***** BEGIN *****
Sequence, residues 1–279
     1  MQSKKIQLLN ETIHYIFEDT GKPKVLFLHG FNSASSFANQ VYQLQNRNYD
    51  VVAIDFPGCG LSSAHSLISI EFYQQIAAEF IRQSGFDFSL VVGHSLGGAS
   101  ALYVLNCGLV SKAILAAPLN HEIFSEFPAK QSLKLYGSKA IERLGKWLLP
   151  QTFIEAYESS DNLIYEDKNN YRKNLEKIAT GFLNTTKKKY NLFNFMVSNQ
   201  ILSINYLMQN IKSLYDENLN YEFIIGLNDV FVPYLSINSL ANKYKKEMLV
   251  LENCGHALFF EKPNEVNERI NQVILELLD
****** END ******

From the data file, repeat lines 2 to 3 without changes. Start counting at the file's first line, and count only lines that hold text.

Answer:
     1  MQSKKIQLLN ETIHYIFEDT GKPKVLFLHG FNSASSFANQ VYQLQNRNYD
    51  VVAIDFPGCG LSSAHSLISI EFYQQIAAEF IRQSGFDFSL VVGHSLGGAS